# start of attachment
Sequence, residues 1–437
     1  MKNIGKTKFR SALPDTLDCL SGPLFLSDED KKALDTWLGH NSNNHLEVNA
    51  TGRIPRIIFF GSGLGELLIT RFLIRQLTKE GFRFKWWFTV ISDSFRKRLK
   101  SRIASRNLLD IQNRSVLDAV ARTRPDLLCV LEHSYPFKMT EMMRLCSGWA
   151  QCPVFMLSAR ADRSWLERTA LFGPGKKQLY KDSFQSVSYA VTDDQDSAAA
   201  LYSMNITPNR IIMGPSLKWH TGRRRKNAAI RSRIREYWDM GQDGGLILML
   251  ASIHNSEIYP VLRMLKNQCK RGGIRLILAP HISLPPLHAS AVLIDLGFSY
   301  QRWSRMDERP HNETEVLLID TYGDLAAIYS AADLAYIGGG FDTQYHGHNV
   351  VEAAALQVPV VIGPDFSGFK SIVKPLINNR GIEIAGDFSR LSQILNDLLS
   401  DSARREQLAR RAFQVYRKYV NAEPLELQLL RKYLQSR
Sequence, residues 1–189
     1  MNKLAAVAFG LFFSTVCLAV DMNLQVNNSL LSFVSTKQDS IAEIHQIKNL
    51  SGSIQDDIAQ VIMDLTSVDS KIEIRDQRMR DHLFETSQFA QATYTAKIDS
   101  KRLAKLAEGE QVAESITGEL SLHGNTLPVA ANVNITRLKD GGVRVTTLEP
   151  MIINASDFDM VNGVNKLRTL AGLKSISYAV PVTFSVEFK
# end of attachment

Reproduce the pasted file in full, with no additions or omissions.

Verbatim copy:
Sequence, residues 1–437
     1  MKNIGKTKFR SALPDTLDCL SGPLFLSDED KKALDTWLGH NSNNHLEVNA
    51  TGRIPRIIFF GSGLGELLIT RFLIRQLTKE GFRFKWWFTV ISDSFRKRLK
   101  SRIASRNLLD IQNRSVLDAV ARTRPDLLCV LEHSYPFKMT EMMRLCSGWA
   151  QCPVFMLSAR ADRSWLERTA LFGPGKKQLY KDSFQSVSYA VTDDQDSAAA
   201  LYSMNITPNR IIMGPSLKWH TGRRRKNAAI RSRIREYWDM GQDGGLILML
   251  ASIHNSEIYP VLRMLKNQCK RGGIRLILAP HISLPPLHAS AVLIDLGFSY
   301  QRWSRMDERP HNETEVLLID TYGDLAAIYS AADLAYIGGG FDTQYHGHNV
   351  VEAAALQVPV VIGPDFSGFK SIVKPLINNR GIEIAGDFSR LSQILNDLLS
   401  DSARREQLAR RAFQVYRKYV NAEPLELQLL RKYLQSR
Sequence, residues 1–189
     1  MNKLAAVAFG LFFSTVCLAV DMNLQVNNSL LSFVSTKQDS IAEIHQIKNL
    51  SGSIQDDIAQ VIMDLTSVDS KIEIRDQRMR DHLFETSQFA QATYTAKIDS
   101  KRLAKLAEGE QVAESITGEL SLHGNTLPVA ANVNITRLKD GGVRVTTLEP
   151  MIINASDFDM VNGVNKLRTL AGLKSISYAV PVTFSVEFK